Buglife’s Conservation Director, Craig Macadam made a welcome discovery whilst walking along the River Don at Dyce (close to Aberdeen) the other weekend – adults of the very rare Northern February red (Brachyptera putata), a type of stonefly.
As 2015 drew to a close, it seemed that we were skipping winter and going straight to spring. We had the warmest December since 1910 – and the wettest since records began. Aberdeen was no exception with large floods on the River Don, Storm Frank causing significant damage. Against this backdrop it was assumed that the local population of this stonefly, which is only found in northern Scotland, was likely lost.
Craig commented: “It's great that this species is still present here. I've only ever found two nymphs at this location before and it was thought that compaction of the gravels and siltation from the largely agricultural catchment had caused the local extinction of this species. Both fully winged females and short winged males were present on a wooden post and rail fence along the riverside.”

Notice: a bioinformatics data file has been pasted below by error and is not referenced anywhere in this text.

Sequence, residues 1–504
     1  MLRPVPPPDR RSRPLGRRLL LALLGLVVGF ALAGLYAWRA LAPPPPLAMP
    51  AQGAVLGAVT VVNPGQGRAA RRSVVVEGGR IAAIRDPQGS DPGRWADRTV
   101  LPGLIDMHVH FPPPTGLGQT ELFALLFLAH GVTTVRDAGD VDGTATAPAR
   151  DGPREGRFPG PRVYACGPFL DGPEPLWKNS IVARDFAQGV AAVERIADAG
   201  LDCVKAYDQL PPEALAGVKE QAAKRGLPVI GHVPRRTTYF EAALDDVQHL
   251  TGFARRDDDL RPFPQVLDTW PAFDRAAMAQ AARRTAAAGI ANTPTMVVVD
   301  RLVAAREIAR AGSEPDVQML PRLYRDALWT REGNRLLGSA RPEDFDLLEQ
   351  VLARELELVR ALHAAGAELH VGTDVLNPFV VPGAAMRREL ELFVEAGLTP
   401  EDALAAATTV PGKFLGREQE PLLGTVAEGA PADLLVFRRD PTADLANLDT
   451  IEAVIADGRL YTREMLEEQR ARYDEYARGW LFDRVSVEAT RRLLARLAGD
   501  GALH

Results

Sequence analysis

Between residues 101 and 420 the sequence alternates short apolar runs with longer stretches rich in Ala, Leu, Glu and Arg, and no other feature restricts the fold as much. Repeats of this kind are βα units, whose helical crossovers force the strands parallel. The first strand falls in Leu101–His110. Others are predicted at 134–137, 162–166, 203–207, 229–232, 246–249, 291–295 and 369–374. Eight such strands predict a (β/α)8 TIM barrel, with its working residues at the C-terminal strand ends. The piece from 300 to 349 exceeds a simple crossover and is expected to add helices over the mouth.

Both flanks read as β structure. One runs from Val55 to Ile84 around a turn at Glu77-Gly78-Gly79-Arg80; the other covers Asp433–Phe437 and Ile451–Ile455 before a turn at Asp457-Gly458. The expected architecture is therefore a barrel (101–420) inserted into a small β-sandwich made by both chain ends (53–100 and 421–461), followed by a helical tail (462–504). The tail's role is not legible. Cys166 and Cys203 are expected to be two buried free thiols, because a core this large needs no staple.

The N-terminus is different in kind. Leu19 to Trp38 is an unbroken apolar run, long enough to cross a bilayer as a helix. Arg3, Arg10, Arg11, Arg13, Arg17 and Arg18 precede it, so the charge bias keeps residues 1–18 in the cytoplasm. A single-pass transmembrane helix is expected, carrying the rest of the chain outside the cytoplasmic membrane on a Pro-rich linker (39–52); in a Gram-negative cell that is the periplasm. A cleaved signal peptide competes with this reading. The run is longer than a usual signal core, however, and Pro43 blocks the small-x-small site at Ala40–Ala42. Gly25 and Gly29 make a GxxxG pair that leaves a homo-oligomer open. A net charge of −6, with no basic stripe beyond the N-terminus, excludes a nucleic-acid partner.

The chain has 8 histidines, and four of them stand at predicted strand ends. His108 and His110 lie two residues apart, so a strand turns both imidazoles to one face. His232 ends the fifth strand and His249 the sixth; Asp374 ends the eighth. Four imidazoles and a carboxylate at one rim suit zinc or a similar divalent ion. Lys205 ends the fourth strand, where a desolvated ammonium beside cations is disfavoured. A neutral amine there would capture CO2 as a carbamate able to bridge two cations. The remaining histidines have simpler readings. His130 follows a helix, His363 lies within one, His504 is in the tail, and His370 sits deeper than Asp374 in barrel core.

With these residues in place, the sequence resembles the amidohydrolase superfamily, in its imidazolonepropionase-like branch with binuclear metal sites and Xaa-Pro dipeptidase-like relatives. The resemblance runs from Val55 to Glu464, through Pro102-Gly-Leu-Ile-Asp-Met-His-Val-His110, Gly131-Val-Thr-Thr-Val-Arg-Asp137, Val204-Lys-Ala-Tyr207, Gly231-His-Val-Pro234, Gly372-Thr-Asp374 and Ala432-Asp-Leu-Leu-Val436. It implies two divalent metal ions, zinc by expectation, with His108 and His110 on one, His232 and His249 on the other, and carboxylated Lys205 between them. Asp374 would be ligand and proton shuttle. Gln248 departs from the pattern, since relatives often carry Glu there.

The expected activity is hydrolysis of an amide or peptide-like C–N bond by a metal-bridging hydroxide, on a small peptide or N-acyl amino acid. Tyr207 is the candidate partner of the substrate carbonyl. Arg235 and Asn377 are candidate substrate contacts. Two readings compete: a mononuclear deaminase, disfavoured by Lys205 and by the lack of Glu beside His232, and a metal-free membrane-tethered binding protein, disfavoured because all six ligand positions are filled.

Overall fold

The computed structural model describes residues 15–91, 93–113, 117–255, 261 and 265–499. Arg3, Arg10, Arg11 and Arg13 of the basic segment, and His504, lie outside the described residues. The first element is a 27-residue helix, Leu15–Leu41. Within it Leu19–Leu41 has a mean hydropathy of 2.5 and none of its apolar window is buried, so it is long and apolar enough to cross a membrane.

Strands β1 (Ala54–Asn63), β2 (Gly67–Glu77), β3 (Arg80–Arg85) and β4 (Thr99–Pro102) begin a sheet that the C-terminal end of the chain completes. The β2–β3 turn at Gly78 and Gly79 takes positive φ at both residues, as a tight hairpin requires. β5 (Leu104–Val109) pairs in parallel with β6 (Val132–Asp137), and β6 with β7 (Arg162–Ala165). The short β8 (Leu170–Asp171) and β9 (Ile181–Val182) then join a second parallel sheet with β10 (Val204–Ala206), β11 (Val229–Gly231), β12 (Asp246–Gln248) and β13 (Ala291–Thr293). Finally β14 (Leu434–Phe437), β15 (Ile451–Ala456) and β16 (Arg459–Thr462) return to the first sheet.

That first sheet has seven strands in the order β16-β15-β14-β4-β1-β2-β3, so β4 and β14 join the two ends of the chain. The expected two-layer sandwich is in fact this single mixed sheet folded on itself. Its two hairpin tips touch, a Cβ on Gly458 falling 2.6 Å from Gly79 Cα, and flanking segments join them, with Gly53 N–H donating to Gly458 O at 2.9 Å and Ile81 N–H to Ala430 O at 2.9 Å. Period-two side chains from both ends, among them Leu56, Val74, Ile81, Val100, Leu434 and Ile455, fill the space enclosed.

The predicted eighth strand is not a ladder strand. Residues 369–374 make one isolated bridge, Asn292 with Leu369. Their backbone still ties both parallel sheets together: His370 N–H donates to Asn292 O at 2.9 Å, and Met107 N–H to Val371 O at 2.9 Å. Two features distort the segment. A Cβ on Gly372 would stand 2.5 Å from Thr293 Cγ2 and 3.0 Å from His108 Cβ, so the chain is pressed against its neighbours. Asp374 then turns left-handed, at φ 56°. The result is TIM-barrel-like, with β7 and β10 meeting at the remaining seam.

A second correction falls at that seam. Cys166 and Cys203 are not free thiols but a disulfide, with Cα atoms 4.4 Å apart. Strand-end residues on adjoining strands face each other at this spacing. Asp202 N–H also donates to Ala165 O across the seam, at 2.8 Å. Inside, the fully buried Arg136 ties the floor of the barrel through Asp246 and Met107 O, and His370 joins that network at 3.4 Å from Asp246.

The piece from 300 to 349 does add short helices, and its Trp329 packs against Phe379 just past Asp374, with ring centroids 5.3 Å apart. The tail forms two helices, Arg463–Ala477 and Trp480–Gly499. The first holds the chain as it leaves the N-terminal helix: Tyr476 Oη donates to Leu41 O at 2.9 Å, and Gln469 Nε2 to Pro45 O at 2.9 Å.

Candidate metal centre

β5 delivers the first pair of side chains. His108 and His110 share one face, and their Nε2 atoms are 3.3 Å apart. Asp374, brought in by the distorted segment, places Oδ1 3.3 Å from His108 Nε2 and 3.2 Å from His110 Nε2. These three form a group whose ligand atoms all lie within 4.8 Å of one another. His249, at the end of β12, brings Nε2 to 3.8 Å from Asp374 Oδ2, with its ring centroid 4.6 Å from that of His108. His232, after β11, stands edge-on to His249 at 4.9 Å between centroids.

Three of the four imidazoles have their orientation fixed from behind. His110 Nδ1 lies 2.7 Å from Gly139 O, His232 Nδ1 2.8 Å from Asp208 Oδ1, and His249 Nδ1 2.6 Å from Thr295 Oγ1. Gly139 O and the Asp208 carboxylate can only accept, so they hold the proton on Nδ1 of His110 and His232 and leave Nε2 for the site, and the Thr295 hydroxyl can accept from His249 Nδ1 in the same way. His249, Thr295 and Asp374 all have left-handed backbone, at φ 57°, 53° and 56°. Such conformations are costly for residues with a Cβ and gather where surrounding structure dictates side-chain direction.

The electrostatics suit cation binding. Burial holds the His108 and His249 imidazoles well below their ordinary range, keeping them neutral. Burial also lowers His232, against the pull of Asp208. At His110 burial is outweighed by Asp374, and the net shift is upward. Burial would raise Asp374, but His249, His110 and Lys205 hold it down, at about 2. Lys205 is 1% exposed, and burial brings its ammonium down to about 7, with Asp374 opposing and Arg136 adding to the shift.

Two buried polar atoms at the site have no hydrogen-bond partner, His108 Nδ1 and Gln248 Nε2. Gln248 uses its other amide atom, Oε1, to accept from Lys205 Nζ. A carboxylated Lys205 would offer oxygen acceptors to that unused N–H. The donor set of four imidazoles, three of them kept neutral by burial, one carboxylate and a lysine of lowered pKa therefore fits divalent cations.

Andrew Farr, a keen recorder from the Riverfly Recording Schemes was so eager to see this species that he booked a flight to Aberdeen from the south of England and spent a rewarding day looking for it. He found a further 7 females and 1 male with all specimens found on the same fence despite searching trees, the bank and surrounding habitats. Andrew explained: “I had to make the trip to see this species as it is a true wonder of nature that doesn’t occur anywhere else in the world.”
Previously more widespread in the UK, the Northern February red (Brachyptera putata) is vulnerable to acidification, chemical pollution and high nutrient levels and is now only found in the north of Scotland, and no where else in the world. Survey work and research is being carried out to provide a better understanding of its life cycle. For more information, see the Northern February red species dossier and management sheet, available to download